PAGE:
Tesco Bank remove monthly fee
TESCO Bank have scrapped the £5 monthly fee for all customers with their current account, whether they deposit a minimum of £750 each month or not.
The change comes into effect today - following sharply on the heels of the news from Santander that they would be raising their 123 current account fees from £2 to £5.
Tesco Bank say it's pure "coincidence" that they announced the removal of their monthly fee as other providers announce increases to theirs, or cut their associated rewards.
But it's not that long since they had to do similar to their credit card holders, halving the number of Clubcard points they could earn on spending outside Tesco.
The Tesco Bank current account offers 3% AER interest on balances of up to £3,000, as well as the obligatory Clubcard points on spending.
Until today, customers paid a monthly fee of £5 to have the account unless they deposited at least £750 a month - but now everyone benefits from the "free" banking on offer.
Even without the Clubcard points that's one of the better paying current account offers available at the moment.
It's not the most rewarding in terms of interest - take a look at our guide to high interest current accounts to see which are - but it beats the Santander 123 and Club Lloyds accounts for those with balances below £3,000.
TSB and Nationwide both offer 5% AER, but only on balances up to a certain level. TSB customers will earn interest on the first £2,000 of their balance; Nationwide pays out on up to £2,500.
All the same, Tesco's account does have a niche in which it's the best going - for accounts with balances of between £2,750 and £3,000.
Current account? Savings account?
This, of course, is assuming that we're using the account for savings rather than as a "true" current account - a place to deposit our salary and pay bills from.
While some of the other high interest accounts require customers to pay out a certain number of direct debits in order to qualify for interest (or, in the case of the Halifax, their flat £5 monthly payment), Tesco don't.
Customers can simply pay money in and leave it there - and the removal of the monthly fee gives savers an extra £60 a year on which they can earn interest.
But it also makes the account much more inclusive and appealing to those on lower incomes. People who can't deposit £750 a month - or the £500 required at TSB - can still benefit from an account that pays a decent amount of interest.
And then there's the Clubcard points.
Users can expect to earn one Clubcard point for every £4 they spend on their debit card at Tesco, subject to a minimum £4 transaction; they'll earn one point per £8 spent with the card elsewhere.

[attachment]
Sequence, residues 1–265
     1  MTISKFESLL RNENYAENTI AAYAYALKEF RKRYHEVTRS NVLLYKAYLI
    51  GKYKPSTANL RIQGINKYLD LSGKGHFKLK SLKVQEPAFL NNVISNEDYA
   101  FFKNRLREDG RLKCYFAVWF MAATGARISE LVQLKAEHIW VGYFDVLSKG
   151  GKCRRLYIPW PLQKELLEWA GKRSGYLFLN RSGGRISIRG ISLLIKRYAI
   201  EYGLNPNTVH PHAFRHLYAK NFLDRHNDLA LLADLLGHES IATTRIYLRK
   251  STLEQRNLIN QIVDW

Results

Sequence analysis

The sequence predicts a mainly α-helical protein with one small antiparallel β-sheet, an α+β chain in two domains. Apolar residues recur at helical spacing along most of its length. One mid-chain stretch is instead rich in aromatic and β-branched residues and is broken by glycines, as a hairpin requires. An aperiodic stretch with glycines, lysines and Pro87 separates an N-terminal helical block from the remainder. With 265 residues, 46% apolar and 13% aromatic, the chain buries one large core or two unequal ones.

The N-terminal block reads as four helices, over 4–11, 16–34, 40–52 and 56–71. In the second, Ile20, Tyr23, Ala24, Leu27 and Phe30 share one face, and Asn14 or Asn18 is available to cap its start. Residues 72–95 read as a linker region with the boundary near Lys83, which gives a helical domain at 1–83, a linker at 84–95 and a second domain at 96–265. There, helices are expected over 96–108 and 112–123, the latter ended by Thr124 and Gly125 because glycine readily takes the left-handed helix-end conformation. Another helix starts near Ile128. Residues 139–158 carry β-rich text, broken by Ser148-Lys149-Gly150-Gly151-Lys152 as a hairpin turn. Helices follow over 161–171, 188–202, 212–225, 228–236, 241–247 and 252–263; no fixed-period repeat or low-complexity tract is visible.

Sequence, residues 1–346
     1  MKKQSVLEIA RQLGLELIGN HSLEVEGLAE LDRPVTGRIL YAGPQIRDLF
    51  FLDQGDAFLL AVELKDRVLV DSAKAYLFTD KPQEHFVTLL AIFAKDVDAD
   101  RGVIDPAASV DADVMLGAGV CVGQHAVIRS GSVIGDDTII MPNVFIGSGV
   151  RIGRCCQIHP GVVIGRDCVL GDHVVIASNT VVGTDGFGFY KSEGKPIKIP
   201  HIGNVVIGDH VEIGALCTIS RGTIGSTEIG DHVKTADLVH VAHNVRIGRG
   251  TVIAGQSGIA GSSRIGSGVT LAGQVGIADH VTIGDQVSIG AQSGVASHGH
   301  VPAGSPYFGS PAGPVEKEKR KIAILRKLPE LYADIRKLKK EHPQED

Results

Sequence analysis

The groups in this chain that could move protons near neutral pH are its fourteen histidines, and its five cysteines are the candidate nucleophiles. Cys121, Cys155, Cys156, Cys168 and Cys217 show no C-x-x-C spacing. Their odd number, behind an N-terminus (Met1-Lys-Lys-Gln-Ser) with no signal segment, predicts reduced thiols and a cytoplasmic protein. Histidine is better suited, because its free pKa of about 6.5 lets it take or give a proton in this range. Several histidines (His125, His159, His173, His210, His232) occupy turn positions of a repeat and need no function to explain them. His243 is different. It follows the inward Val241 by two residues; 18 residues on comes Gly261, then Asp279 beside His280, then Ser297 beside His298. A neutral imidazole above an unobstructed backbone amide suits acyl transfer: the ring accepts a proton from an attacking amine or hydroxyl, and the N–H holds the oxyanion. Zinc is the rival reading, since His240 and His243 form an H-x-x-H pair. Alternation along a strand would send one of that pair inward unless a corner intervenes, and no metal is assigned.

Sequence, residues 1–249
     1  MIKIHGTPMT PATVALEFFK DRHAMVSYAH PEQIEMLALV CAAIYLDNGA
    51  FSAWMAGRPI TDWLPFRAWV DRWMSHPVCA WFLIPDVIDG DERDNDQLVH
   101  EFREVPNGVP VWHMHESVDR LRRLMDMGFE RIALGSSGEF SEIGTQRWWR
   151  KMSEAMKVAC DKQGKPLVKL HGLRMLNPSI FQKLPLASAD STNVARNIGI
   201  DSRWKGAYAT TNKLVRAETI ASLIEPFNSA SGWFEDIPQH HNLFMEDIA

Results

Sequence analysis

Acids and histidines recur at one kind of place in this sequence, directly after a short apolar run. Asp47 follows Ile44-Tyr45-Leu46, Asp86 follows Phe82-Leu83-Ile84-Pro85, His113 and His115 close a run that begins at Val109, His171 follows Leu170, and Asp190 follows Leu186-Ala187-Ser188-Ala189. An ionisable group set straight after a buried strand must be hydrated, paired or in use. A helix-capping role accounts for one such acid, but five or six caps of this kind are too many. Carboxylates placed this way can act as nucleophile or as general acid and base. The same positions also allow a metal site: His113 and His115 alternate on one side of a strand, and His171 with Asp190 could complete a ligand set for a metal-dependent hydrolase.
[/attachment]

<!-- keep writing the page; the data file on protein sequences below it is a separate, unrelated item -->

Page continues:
Note mention of the debit card; direct debits and standing orders don't earn points. Neither do bill payments made with the card in banks "or other financial institutions".
Basically, the card has to be used to spend - getting cash back at the till and other forms of cash withdrawal don't count either.
These are much the same spending conditions as we could expect to find with any rewards card.
That said, Tesco's own reward credit cards are actually slightly more rewarding, giving users five points per £4 spent in store, and one per £4 elsewhere - for now.
That's because, as mentioned above, Tesco recently announced that the points users would receive for out of store spending would be halved from November, bringing them down to the same one point per £8 of spending as current account holders get.
Of course, with rewards credit cards, there's usually a sting in the tail in the form of interest - anyone who doesn't pay their card off in full is likely to end up paying more in interest than they earn back in perks.
That brings us to when having this current account doesn't pay.
Tesco Bank were one of a group of 10 "challenger banks" who gave evidence to the Competition and Markets Authority's current accounts investigation last week.
One of the points made during that hearing was that the banks who offer headline grabbing incentives tend also to have expensive overdraft facilities, and that the charges involved aren't easy to work out.
So while Tesco might say that removing the monthly fee when they have is coincidence, there's no mistaking the intention behind this statement from them:
"...unlike other banks, Tesco Bank does not charge expensive monthly or daily overdraft usage fees."
There's no fee to set up an overdraft - some banks do still charge for this - or for changing the limit.
Tesco say they also don't charge a fee for having to actually use the facility, an aside aimed at the banks that levy a flat rate charge on customers who need to use their overdraft no matter how briefly, or how small the amount.
Except, of course, there is a charge - in the form of 18.9% interest.
They do have an interest calculator on their site, allowing people to check how much their borrowing is going to cost them.
Unauthorised overdrafts are subject to the same 18.9% interest - but with an additional transaction fee of £5 on each payment attempted while the account is overdrawn, up to a maximum of £50 per month for attempted transactions.
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